The prematurity rate (<37 weeks) varied by maternal characteristics, from 12% (138/1111) among women with HCV infection only to 37% (72/197) among HCV/HIV-coinfected women. Among women who used injection drugs during pregnancy, 25% (28/112) had a premature delivery, as did 23% (54/237) of women with a history of IDU, compared with 10% (73/697) of those who had never injected drugs (history vs. no history of IDU, P<.0001). One-third of women breast-fed their infants overall—38% (428) of those with HCV infection only and just 1.5% (3) of those with HCV/HIV coinfection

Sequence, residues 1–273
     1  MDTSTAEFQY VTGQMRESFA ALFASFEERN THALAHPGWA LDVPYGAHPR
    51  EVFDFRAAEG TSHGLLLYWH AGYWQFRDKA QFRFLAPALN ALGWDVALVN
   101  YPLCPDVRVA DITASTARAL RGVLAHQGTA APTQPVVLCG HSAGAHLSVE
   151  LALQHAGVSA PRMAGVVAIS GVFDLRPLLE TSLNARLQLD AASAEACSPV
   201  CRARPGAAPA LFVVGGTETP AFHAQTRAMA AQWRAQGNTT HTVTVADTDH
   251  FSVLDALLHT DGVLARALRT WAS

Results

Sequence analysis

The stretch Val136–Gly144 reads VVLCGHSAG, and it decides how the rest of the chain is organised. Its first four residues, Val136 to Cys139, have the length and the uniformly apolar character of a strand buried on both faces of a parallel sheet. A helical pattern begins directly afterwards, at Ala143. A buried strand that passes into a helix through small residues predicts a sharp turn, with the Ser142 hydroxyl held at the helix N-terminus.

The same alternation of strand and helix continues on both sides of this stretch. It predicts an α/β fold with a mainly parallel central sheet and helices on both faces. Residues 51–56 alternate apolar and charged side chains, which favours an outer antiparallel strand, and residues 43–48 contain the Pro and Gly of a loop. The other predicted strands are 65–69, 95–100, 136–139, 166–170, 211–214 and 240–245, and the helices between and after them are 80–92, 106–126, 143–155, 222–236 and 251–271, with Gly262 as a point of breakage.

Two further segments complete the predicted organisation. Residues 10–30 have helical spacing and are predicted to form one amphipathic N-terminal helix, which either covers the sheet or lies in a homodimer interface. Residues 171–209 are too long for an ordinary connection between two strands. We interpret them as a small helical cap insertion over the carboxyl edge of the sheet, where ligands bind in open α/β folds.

Risk of and risk factors for vertical transmissionThe overall HCV vertical transmission rate was 6.2% (95% confidence interval [CI], 5.0%–7.5%; 91/1479). The HCV transmission rate was higher from HIV-coinfected women (8.7%; 18/208) than from women with HCV infection only (5.5%; 65/1183), although this difference was not statistically significant (unadjusted OR, 1.63 [95% CI, 0.94–2.81]; P=.08). Maternal history of IDU was not associated with risk of transmission: 6.3% (28/448) of babies born to women with any history of IDU were infected, compared with 6.2% (44/714) of babies born to women with no history of IDU (unadjusted OR, 1.02 [95% CI, 0.62–1.66]; P=.95). Similarly, there was no difference in transmission risk between women who used injection drugs during pregnancy and those who had a history of IDU but did not use injection drugs during pregnancy (7.1% [8/113] vs. 7.0% [17/244]; χ2=0.0015; P=.969). The transmission rate did not vary significantly by mode of delivery (elective CS, 7.3% [35/480]; vaginal delivery or emergency CS, 5.4% [50/924]; unadjusted OR, 1.37 [95% CI, 0.88–2.15]; P=.16). Girls were twice as likely to be HCV infected as boys (girls, 8.2% [55/668]; boys, 4.2% [34/802]; unadjusted OR, 2.03 [95% CI, 1.30–3.15]; P=.001). Of premature babies, 4.1% (9/219) were HCV infected, compared with 6.3% (73/1163) of those born at 37 weeks or later (unadjusted OR, 0.64 [95% CI, 0.32–1.30]; P=.21). The proportion of infected children was similar in the breast-fed (4.9%; 22/452) and formula fed (5.7%; 53/930) groups (unadjusted OR, 0.85 [95% CI, 0.51–1.41]; P=.52)